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© Miroslav Tichy, untitled, undated (7-2-66)
Reworked b&w silvergelatine print on baryt paper, framed
Dimensions unframed: 18 x 12,9 cm Courtesy: Kewenig Galerie, Cologne

Located in the heart of the Parc d’Avroy, the Exhibition Room in the MADmusée pursues a policy of intelligently and sensitively promoting the works of “outsiders”. Recently appointed Director, Pierre Muylle (previously at the SMAK in Ghent) is featuring, at BIP2012, a group of four artists who are very much out of the ordinary.

Interest in the work of Miroslav Tichý (CZ), who died recently, is currently enjoying a revival because of the unique and extraordinary character of a photographer obsessed with the female image. The photographs of Lee Godie (US) and Morton Bartlett (US) are rarities. Godie first became known for her pictorial work and  some self-portraits shot in a photo booth will be on display. Bartlett will be represented by the disturbing images of dolls, which were kept secret in his lifetime. Finally, alongside these photographs will be a group of sculptures by Loulou (B). This native of Liège created hundreds of clay figurines which had either been scattered all over the place or simply lost – the team at the MADmusée tracked them down and assembled them for the occasion.

“The artists we have put together for this Exhibition have all had an unusual life. Lee Godie, the self-proclaimed “French Impressionist”, lived in the streets of Chicago, whilst the Czech artist Miroslav Tichý, a lonely figure, secretly took photos of women in Prague with a camera he had made with his own hands – rather in the fashion of a traditional craftsman. Morton Bartlett, who had been a professional graphics artist in the 40s, made dolls of little girls before photographing them. And Loulou, who had previously been a nurse, began, in her later years, to sculpt a great many clay statuettes.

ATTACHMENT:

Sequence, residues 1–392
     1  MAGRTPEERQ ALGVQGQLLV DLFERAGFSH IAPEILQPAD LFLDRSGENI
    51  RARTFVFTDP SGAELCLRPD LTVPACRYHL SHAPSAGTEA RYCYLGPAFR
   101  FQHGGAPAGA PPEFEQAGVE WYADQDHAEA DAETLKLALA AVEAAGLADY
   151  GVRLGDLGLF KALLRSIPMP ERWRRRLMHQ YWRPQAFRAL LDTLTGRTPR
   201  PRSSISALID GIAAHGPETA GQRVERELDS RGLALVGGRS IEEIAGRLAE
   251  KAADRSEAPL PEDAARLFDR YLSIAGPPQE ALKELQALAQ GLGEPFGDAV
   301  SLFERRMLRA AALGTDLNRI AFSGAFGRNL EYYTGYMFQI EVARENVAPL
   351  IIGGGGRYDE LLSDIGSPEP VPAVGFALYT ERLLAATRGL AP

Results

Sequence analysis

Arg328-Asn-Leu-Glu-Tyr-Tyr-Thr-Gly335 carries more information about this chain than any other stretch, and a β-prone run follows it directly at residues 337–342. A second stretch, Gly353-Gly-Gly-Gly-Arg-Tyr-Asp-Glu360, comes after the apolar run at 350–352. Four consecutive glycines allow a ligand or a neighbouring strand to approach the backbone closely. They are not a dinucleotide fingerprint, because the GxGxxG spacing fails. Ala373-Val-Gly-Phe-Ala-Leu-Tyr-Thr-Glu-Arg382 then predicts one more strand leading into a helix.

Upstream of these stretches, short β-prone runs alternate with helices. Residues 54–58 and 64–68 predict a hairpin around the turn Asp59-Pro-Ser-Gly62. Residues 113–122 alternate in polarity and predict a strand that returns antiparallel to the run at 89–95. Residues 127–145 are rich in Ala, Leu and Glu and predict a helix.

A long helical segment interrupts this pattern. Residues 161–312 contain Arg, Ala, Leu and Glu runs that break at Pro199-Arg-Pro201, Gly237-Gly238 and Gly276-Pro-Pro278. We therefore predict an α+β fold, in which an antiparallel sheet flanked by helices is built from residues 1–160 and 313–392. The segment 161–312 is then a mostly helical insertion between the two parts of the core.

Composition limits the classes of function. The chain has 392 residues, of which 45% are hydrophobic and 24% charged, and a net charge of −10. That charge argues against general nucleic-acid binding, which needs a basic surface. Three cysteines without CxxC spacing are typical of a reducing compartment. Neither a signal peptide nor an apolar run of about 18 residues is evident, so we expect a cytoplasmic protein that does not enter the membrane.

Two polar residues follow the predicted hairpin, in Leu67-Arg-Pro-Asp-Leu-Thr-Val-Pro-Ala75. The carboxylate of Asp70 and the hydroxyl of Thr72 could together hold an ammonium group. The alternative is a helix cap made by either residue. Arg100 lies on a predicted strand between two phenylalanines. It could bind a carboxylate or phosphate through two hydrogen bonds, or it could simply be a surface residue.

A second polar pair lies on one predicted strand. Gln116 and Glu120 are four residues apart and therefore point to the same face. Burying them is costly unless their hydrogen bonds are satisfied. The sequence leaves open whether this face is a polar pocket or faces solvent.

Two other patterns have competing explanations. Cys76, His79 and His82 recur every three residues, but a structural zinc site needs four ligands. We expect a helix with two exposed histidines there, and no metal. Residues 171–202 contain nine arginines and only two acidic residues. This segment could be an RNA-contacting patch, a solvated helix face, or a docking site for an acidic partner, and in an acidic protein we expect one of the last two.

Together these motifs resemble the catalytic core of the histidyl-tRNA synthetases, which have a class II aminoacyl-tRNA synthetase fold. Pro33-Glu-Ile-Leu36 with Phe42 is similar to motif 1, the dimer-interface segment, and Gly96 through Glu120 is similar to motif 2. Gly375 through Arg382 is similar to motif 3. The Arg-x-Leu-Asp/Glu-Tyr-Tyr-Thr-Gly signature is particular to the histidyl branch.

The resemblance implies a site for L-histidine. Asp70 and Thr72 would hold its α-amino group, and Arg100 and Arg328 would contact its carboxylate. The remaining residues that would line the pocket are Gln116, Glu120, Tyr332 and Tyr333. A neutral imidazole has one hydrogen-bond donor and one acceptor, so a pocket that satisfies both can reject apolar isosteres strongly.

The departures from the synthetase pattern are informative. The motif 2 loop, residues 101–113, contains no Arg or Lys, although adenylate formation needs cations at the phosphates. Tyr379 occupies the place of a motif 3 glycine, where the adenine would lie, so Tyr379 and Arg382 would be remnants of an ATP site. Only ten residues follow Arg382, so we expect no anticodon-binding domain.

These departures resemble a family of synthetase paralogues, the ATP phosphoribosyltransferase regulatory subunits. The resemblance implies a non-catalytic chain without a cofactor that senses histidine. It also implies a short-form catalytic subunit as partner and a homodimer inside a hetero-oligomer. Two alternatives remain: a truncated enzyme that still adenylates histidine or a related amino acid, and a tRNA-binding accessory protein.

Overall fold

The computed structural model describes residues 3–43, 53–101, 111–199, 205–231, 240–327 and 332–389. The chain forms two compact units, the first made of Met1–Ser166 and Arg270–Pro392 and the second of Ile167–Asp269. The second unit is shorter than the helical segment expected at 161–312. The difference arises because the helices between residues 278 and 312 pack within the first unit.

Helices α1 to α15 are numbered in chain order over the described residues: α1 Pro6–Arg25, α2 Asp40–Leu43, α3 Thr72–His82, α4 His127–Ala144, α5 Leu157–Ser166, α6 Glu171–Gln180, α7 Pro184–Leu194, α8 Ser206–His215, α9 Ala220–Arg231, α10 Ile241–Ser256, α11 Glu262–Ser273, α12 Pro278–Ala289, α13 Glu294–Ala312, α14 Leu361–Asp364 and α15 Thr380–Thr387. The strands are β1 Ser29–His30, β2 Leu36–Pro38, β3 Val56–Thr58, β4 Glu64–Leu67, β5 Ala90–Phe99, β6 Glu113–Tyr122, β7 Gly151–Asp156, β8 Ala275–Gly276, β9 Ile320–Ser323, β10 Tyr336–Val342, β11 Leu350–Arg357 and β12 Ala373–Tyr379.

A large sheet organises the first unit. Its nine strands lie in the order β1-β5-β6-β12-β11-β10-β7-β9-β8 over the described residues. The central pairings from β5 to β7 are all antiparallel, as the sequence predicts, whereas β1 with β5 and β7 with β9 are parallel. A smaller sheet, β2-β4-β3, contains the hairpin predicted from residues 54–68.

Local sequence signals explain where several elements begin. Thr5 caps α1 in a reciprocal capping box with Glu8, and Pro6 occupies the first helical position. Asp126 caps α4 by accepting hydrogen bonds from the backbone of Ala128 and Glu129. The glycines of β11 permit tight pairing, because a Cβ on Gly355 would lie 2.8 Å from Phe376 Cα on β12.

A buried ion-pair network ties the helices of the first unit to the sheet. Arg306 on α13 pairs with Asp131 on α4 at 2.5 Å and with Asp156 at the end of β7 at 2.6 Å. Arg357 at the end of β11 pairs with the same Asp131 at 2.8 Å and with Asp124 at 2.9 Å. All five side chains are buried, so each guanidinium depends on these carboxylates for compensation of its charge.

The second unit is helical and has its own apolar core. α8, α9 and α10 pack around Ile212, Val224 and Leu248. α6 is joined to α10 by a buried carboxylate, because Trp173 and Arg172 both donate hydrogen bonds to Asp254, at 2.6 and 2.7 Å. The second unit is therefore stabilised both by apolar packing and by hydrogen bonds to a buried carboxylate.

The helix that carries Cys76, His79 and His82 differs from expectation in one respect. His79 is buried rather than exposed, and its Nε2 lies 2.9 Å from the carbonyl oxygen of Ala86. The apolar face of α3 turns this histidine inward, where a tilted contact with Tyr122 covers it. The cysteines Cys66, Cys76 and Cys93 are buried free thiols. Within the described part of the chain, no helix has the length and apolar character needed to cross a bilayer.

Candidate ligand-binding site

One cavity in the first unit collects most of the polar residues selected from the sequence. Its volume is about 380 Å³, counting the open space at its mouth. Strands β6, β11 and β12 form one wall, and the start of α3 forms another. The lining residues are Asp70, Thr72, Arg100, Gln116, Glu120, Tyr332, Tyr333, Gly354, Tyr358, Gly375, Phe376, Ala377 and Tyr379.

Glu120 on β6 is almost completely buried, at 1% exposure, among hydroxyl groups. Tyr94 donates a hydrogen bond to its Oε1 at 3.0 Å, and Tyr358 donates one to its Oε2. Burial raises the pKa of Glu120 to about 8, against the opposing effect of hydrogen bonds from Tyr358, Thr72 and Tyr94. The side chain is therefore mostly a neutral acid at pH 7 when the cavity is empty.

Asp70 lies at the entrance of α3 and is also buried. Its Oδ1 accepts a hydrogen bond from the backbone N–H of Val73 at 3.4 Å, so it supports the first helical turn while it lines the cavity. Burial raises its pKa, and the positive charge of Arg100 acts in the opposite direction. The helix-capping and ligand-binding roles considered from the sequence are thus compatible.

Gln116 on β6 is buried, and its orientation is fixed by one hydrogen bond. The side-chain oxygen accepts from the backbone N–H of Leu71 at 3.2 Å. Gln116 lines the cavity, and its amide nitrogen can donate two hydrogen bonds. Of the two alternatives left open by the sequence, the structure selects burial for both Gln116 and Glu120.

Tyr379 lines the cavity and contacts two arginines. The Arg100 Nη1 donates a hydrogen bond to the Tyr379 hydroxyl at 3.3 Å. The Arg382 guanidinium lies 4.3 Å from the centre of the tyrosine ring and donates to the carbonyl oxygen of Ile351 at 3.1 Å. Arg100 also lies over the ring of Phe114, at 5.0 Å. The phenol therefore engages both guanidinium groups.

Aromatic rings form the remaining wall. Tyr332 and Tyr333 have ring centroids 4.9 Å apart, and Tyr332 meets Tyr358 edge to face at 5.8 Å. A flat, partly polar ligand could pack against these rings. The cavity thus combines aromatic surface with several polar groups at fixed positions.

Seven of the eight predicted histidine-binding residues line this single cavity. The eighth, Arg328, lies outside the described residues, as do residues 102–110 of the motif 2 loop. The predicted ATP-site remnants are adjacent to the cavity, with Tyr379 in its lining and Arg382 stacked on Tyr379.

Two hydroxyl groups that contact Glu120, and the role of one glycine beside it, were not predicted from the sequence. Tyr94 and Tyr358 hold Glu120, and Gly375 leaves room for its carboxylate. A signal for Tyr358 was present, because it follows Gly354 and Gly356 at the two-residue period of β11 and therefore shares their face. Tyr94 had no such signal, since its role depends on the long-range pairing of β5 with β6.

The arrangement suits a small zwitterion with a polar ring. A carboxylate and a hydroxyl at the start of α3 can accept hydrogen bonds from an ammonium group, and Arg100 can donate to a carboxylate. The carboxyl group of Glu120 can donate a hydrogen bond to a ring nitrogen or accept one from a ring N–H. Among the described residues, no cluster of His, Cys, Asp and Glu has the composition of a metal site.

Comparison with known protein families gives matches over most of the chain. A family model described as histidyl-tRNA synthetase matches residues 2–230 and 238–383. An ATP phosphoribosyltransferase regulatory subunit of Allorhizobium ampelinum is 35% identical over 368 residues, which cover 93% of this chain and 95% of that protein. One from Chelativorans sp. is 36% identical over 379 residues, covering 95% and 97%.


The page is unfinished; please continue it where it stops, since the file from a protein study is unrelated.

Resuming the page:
Each of them lived a life where the passion for the image took its form in very trying conditions which, in turn, imbued their work with an extremely troubling dimension. Their life story can actually make it hard to interpret their work. However, beyond the realms of legend and even if the secret intention of these creators lies beyond our grasp, the scope for interpretation remains wide open, allowing each of us to discover in these images a story beyond myth, a story which takes account of the love of the image just as much as the image of love. Even then, travelling along this particular path neither reduces nor excludes other possible interpretations,  depending on how each of us reacts individually. That’s why “Rumours/Rumeurs”, behind the purely anecdotal, invites us, the public, to discover these strong creations less as a collection of stories but far more as a collection of images”.
(Pierre Muylle)




Miroslav TICHÝ





Parc d'Avroy, s/n
B - 4000 Liège